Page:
New civil litigation rules
New civil litigation rules are set to create bigger compensation awards but smaller pay-outs for victims, according to a Yorkshire commercial litigation lawyer.
While general damages awards in ‘tortious cases’ - covering anything from nuisance or negligence to defamation or harassment - will increase by ten per cent in a civil litigation shake up which takes effect next April (2013), the only real winners are likely to be insurance businesses, says Michael Doherty of Lupton Fawcett LLP.
The changes are part of The Jackson Reforms in which higher pay-outs are aimed at compensating clients for no longer being able to enter no-win, no-fee agreements with lawyers or recover insurance premiums to cover adverse costs, even if they win their case.
Under the reforms, the success fees applied with no-win, no-fee agreements and the premiums for after-the-event insurance policies to cover adverse costs will no longer be recoverable from the other side.
This means that solicitors will no longer offer no-win, no-fee agreements to clients as there will be no incentive for them to do so while, in many cases, claimants unable to recover insurance premiums will feel it is uneconomic to pursue small claims where the insurance cost maybe higher than the damages award.
Under the reforms, no-win, no-fee agreements are likely to be replaced with contingency fee agreements where solicitors will gain a set percentage of compensation awarded to their client.
Michael Doherty says: “The public has not been adequately forewarned of these changes which are a major departure from the current system. They will have a great impact on peoples’ access to justice. Many potential claimants will be reluctant to bring cases if they risk paying an opponent’s costs, which might be far more than the value of their claim if they lose, and don’t have an insurance policy.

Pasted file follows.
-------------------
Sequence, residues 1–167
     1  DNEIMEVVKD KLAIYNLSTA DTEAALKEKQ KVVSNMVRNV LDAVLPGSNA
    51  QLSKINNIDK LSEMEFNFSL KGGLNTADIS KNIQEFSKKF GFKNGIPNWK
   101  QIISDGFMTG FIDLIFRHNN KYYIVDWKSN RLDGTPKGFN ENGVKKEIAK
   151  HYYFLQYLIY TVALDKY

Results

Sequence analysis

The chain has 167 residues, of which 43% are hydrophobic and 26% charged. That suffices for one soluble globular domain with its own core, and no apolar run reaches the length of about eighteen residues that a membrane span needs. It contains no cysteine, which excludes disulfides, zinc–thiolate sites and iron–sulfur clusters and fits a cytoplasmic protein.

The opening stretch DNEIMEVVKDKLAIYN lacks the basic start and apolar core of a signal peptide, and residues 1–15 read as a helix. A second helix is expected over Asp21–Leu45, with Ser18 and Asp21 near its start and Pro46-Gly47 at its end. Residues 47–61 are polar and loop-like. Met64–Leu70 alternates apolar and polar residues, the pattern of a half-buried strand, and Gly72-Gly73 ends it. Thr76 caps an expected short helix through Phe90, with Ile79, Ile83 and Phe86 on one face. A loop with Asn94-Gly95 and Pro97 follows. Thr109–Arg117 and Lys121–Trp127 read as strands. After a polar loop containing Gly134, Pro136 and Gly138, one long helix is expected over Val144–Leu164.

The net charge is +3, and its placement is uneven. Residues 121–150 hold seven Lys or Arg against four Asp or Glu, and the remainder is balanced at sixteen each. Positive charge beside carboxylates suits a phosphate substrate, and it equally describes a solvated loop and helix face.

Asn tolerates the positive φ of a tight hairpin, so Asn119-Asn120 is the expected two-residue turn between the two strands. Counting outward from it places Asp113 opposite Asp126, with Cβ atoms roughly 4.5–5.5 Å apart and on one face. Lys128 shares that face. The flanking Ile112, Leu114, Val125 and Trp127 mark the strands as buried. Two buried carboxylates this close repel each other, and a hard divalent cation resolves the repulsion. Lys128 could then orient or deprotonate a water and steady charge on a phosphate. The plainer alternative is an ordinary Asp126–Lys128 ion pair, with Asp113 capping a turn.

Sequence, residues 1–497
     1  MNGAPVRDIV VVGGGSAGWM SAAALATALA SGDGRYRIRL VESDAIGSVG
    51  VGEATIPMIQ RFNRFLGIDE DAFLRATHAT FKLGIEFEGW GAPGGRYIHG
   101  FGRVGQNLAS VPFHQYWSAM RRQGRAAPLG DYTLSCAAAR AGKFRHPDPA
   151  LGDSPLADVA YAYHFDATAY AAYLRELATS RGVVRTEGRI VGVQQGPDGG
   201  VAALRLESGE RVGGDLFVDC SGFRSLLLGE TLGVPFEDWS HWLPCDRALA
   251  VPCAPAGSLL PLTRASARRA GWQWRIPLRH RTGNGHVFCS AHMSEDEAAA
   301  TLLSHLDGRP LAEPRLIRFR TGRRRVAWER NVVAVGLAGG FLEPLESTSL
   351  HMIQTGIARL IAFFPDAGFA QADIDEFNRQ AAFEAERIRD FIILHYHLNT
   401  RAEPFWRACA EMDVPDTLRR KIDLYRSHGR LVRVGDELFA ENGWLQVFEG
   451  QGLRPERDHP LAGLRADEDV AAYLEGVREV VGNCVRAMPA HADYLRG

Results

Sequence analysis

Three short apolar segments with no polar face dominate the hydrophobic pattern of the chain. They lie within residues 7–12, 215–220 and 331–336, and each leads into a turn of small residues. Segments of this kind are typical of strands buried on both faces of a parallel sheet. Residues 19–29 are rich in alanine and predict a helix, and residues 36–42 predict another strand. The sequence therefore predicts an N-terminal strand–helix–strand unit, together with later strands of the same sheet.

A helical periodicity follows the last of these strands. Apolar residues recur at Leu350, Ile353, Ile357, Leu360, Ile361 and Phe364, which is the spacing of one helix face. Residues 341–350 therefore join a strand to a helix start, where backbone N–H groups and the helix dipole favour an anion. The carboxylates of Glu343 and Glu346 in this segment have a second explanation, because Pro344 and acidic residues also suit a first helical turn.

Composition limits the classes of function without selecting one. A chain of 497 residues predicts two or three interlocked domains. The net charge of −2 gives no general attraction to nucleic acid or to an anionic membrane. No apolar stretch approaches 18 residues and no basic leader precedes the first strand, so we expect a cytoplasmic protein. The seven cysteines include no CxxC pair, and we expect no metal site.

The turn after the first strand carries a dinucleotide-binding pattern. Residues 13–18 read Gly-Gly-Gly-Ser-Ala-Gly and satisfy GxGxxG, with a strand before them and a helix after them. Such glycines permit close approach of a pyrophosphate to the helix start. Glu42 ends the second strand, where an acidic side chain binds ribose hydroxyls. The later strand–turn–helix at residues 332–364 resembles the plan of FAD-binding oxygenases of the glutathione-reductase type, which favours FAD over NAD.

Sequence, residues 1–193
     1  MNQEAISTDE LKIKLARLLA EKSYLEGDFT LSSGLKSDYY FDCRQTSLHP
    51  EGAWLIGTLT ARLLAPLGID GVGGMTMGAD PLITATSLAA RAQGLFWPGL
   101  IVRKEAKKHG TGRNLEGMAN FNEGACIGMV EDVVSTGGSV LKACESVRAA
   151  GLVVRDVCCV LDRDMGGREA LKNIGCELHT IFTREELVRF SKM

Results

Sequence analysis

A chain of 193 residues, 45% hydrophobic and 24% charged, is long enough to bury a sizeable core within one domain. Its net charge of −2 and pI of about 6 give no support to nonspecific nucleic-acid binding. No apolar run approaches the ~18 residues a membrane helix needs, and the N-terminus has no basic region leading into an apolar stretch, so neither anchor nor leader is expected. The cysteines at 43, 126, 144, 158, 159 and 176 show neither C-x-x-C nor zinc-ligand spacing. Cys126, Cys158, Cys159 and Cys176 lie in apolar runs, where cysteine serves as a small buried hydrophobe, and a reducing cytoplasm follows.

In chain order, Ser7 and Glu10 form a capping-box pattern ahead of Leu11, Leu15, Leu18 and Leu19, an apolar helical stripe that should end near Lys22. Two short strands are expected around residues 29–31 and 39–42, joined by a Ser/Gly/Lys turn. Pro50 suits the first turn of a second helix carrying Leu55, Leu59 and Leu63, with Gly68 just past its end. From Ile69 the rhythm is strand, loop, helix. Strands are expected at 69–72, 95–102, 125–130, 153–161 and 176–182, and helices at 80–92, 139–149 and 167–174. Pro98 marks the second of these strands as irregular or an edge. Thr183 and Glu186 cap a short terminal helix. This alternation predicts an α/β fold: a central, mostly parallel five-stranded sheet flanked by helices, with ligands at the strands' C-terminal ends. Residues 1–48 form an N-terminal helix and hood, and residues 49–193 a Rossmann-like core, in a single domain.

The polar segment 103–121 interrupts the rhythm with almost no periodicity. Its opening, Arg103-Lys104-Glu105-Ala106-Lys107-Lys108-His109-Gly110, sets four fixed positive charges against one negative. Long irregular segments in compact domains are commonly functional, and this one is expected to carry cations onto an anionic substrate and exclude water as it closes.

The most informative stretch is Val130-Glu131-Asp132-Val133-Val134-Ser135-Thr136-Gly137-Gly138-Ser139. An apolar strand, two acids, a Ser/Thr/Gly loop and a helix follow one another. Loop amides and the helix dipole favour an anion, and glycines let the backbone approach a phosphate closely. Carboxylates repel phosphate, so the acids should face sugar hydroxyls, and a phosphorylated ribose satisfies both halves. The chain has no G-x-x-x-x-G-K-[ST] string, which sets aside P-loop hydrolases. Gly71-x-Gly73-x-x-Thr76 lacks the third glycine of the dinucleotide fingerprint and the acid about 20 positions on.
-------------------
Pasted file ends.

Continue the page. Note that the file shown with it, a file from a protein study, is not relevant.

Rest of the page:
"Contingency fee agreements were tried before and created animosity between claimants and their solicitors. There were horror stories of clients being effectively left with nothing from their damages awards after legal costs were deducted. This was said to have brought the legal profession into disrepute so it seems odd that it’s making a come back. “
Michael Doherty adds that the ten per cent increase is likely to benefit claimants with high-value claims more than those with lower ones. “If a claimant has a negligence claim with ‘general damages’ - the term used for part of an award which compensates for intangible loss like pain and suffering - valued at around £2m, they can expect to gain an extra £200,000 – a substantial figure which can be used to pay their non-recoverable costs.
“However, in a low-value negligence claim with general damages valued at £3,000, the added ten per cent will be only an extra £300 – a tiny sum in the context of legal costs. This means that those with lower value claims will have a significant proportion of their damages eroded.
“The real winners will be the large insurance companies which will no longer have to pay any success fees or expensive after-the-event insurance premiums. Nationally, this could save them tens of millions of pounds a year and, in theory, should result in a drop in premiums generally although there is scepticism that such savings will be passed on to the public.”
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